The Bureau of Meteorology has denied a new proposal moving forecasting staff to Melbourne and Brisbane would result in job losses, after the union sounded the alarm over the plans.
In an email sent to bureau staff on Monday afternoon by Bureau of Meteorology Director Andrew Johnson, staff were told local teams in each state and territory would be reduced to "customer focussed delivery teams," while forecast production and specialist technical roles would be moved to Melbourne and Brisbane.
The bureau has more than 200 forecasters, and it's believed half of them will be directly impacted by the news.
The main public sector union said the announcement came as a shock to forecasters, who were concerned about the impact the lack of local knowledge would have on the quality of forecasting.
"They are absolutely dismayed at the impact this is going to have on the critical forecasting services they provide to communities right around Australia, and of course the potential personal cost if there are job cuts or forced staff relocations," Community and Public Sector Union deputy secretary Beth Vincent-Pietsch said.
"From the scant information that’s available so far it appears to us that BOM will be establishing two forecasting sausage factories, one in Melbourne and one in Brisbane. We’re concerned that a relatively small number of forecasters in these two sites will be expected to churn out information for dozens of locations, inevitably downgrading quality."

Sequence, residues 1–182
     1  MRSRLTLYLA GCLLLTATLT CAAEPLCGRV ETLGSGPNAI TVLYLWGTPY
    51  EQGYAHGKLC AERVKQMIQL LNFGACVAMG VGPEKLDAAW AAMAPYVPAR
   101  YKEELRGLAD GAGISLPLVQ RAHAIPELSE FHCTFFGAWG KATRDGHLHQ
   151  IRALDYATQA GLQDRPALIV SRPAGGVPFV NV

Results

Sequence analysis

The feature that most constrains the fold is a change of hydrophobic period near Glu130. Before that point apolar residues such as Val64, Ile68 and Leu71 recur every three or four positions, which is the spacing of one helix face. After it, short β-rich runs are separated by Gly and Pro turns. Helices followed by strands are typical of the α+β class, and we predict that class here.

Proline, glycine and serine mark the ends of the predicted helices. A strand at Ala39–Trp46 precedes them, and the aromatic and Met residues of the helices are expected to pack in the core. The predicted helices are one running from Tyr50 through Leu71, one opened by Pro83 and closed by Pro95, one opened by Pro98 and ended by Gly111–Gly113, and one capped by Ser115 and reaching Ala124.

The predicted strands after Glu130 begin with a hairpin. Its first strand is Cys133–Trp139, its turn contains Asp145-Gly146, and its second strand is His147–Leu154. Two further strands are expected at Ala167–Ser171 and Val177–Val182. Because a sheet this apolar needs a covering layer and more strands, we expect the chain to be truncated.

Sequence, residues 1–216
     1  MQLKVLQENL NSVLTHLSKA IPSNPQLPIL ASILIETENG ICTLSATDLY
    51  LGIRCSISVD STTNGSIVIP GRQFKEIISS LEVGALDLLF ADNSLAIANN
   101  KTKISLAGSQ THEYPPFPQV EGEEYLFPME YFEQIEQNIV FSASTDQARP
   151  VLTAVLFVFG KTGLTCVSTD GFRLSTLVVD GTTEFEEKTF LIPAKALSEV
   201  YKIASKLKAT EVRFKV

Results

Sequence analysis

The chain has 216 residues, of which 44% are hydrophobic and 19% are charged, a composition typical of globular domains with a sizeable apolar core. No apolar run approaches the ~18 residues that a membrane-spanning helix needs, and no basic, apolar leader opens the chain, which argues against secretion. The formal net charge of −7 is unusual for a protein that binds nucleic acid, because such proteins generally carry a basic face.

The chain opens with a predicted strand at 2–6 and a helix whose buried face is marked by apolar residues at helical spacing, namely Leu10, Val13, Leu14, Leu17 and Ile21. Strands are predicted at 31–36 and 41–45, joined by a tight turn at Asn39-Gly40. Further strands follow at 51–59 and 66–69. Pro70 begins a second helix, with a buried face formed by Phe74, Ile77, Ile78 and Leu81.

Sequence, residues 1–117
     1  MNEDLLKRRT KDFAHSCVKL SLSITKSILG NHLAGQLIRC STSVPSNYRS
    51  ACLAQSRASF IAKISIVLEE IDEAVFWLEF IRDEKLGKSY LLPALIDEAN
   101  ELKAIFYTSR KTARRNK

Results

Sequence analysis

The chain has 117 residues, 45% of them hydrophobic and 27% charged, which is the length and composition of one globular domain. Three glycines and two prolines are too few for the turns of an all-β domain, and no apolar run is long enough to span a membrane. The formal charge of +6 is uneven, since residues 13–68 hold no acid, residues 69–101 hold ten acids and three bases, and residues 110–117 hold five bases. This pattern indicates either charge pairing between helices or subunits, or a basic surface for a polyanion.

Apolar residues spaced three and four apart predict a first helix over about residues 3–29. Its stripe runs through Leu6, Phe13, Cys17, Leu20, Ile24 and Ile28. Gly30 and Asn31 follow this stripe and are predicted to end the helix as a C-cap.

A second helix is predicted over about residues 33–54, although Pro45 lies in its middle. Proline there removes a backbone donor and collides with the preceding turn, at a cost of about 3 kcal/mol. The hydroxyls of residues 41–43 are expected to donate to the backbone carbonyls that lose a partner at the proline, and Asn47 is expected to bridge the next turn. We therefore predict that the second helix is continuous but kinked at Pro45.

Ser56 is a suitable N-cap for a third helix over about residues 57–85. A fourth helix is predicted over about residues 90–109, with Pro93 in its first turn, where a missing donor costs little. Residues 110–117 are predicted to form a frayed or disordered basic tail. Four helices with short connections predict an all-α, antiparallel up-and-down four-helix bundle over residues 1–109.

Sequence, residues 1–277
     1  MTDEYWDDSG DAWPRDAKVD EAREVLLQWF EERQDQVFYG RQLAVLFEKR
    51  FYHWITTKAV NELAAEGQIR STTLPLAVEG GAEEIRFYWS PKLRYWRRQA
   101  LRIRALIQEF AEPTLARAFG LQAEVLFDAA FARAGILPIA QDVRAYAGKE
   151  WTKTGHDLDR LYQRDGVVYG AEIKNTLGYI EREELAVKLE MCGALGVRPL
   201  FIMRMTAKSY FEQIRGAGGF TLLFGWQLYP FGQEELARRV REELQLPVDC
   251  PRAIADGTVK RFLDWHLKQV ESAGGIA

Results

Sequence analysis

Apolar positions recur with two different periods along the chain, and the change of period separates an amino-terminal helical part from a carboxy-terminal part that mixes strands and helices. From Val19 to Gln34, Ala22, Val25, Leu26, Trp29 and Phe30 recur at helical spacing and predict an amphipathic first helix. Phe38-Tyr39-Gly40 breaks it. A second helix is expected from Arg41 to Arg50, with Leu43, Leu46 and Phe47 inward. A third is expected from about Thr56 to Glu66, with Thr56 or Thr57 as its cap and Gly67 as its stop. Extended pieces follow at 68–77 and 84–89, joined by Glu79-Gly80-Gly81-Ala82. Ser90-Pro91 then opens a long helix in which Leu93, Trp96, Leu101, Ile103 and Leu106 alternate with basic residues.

Forecasters at the bureau include a team of aviation forecasters, whose roles have already been centralised to Melbourne and Brisbane.
The union believes 15-20 forecasting jobs in the ACT could be affected by the decision, which they say is motivated by cost rather than the quality of forecasting.
A spokesman for the bureau denied there would be job losses, but didn't explain what would happen to jobs around the country if work previously done elsewhere was only done in Melbourne and Brisbane.
"The Bureau of Meteorology is absolutely committed to providing localised and tailored meteorological expertise to each state and territory," the spokesman said.
"Claims of cost cutting and job losses are simply untrue and there are no plans to remove the Bureau's local presence from any state or territory."
The bureau explained some services would be moved under the proposal, and committed to consulting with staff, customers and stakeholders.
"A proposed new approach to improve services, which is being discussed in consultation with staff, customers and stakeholders, would involve general forecasting services moving to specialised hubs, allowing locally-based staff more time to provide specialist expertise to key state sectors such as emergency services, agriculture and energy. A further benefit would be the creation of new teams of experts focussed on providing advice on the key natural hazards which affect life and property," the spokesman said.